Michael Dobbs Churchill Novels

Michael Dobbs Churchill Novels

My in-laws gave me the four-book series of his­tor­i­cal nov­els by Michael Dobbs about Win­ston Churchill, set against the back­drop of World War II. I enjoyed them immense­ly. They are very enjoy­able reads while also infor­ma­tive and insight­ful of Dobbs’s sub­jec­tive views of the major play­ers of the era. –T.D.

Michael Dobbs - Winston's War

I cer­tain­ly agree. I enthu­si­as­ti­cal­ly endorsed these nov­els in Finest Hour: Winston’s War (FH 116), Nev­er Sur­ren­der (FH 122), Churchill’s Hour (FH 126) and Churchill’s Tri­umph (FH 131). You may be inter­est­ed in Mr Dobbs’s con­tri­bu­tion to our 40th anniver­sary issue last autumn:

A novelist’s eye looks to the inner man: not sim­ply what he achieves but who he is, how true and how strong his heart beats. In my eye, Win­ston Churchill had one of the most extra­or­di­nary hearts of all time. It beat as res­olute­ly as a drum, and to its tim­bre the world marched from the jaws of Hell. Yet that same huge heart also over­came obsta­cles in his pri­vate affairs that would have crip­pled most ordi­nary mor­tals. He was great not because he got every­thing right (hah!) or because he was always pleas­ant and polite (he wasn’t), but because he man­aged to save our world even while bat­tling with his own pri­vate demons.

Is he rel­e­vant in today’s world? Of course he is. Open your news­pa­per and you will be bom­bard­ed with mes­sages about a World Cri­sis, a Gath­er­ing Storm, nations torn between the appeals of meet­ing jaw to jaw as an alter­nate to war. Some of the issues have changed, of course, but the fun­da­men­tal inspi­ra­tion of Win­ston Churchill’s life was that we make our own world, that the tide of his­to­ry isn’t dri­ven by irre­sistible Marx­ist-Fas­cist tides and irre­versible social trends but by the pas­sions of men and women. What we do, you and I, and those we elect, makes a dif­fer­ence. In the end, it’s up to us, and how big we find our hearts to be.

Yet it’s the nature of the man that appeals to me most. When I talk to school chil­dren about that strange beast Win­ston Churchill, I show him not just as an over­ly-round six­ty-some­thing with lit­tle hair and a fat cig­ar who did extra­or­di­nary things, but also as a tor­ment­ed and at times fright­ened child who was sub­ject­ed to abuse at school and—let’s be frank—a fair dose of parental neglect at home. Yet still he made it through. If Win­ston were in a class­room today he would be sit­ting in the back row, a child with few friends, with a trou­bled home life, with learn­ing dif­fi­cul­ties, with school reports that summed him up as all but worth­less, who couldn’t even make it to uni­ver­si­ty. And yet….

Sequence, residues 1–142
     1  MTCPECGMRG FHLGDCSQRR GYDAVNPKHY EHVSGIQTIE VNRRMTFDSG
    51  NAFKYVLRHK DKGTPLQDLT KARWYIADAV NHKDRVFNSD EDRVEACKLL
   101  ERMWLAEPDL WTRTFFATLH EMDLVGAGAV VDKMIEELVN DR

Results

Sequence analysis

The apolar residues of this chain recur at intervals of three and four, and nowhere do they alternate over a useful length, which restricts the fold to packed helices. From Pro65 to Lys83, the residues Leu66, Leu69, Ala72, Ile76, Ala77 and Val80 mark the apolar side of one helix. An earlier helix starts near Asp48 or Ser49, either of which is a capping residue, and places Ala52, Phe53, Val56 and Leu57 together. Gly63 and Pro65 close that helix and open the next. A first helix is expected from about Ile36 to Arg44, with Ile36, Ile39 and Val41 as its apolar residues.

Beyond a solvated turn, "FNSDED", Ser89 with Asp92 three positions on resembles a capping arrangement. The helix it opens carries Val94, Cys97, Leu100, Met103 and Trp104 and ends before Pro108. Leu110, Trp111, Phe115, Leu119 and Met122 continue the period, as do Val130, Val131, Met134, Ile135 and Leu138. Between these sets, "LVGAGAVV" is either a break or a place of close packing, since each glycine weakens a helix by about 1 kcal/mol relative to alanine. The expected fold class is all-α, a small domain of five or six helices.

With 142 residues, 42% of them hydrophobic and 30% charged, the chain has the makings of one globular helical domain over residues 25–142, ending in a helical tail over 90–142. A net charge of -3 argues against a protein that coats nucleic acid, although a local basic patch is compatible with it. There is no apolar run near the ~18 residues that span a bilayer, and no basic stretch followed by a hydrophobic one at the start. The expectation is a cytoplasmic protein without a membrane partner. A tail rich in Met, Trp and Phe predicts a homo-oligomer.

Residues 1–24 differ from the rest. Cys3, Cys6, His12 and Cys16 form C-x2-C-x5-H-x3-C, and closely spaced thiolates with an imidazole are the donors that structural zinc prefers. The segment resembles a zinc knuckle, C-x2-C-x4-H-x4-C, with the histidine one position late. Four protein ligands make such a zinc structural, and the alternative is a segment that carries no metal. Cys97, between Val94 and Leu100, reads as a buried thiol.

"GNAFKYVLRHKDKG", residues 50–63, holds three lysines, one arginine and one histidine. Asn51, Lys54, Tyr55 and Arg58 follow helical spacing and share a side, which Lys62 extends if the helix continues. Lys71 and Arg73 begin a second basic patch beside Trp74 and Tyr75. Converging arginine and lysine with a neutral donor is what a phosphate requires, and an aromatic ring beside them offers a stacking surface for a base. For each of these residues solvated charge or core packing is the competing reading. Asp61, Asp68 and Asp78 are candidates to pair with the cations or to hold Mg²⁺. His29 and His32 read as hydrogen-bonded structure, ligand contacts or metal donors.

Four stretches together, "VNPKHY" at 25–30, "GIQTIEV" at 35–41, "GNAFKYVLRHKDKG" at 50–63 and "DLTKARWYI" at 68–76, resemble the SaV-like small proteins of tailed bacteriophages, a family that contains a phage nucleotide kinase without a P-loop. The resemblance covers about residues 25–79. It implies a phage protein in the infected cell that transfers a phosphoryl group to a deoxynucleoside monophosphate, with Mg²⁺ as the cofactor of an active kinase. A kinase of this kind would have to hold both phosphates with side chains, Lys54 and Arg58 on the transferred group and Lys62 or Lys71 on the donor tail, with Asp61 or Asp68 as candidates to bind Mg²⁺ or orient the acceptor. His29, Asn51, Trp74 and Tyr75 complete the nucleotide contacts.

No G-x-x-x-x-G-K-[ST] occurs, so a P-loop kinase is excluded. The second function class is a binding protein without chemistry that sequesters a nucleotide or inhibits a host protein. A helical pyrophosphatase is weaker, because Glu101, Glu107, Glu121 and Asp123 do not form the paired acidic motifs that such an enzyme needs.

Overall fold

To watch the fas­ci­na­tion of young eyes sud­den­ly alert, iden­ti­fy­ing with our Old Man, real­is­ing that per­haps they, too, might find some way to over­come their own per­son­al chal­lenges, nev­er fails to be a tran­scend­ing moment.

What would his mes­sage be today? I sus­pect it would not be framed in terms of Mis­sion Accom­plished, but nei­ther would it be Mis­sion Impos­si­ble. Wher­ev­er he is remem­bered, the mem­o­ry brings hope and a reminder that noth­ing in the course of human affairs is beyond our reach. He remains an inspi­ra­tion to school­child­ren and states­men, and to the rest of us who fall some­where in between.

3 thoughts on “Michael Dobbs Churchill Novels

  1. Yes, they feed off each oth­er to some extent and should be read in order of pub­li­ca­tion. Here they are, togeth­er with the reviews in Finest Hour, which can be read in .pdf for­mat at winstonchurchill.org (click on “pub­li­ca­tions,” “Finest Hour” and the appro­pri­ate issue:

    Winston’s War, FH 117 Win­ter 2002-03
    Nev­er Sur­ren­der, FH 122 Spring 2004
    Churchill’s Hour, FH 126 Spring 2005
    Churchill’s Tri­umph, FH 131 Sum­mer 2006

  2. Richard, I agree. The Dobbs books were first rate and an enter­tain­ing read. Churchill con­tin­ues to be a role mod­el for peo­ple of all ages. He cer­tain­ly caught my eye when I was 15 and that was 45 years ago. As I embark on yet anoth­er new career at 60, I’m remind­ed that Churchill’s finest hour began when he was 65 and he con­tin­ued to pro­vide sig­nif­i­cant ser­vice to his nation and the world til he was past 80. Churchill, despite hav­ing feet of clay like the rest of us, clear­ly is a man for all seasons!

Leave a Reply

Your email address will not be published.

RML Books

Richard Langworth’s Most Popular Books & eBooks

Links on this page may earn commissions.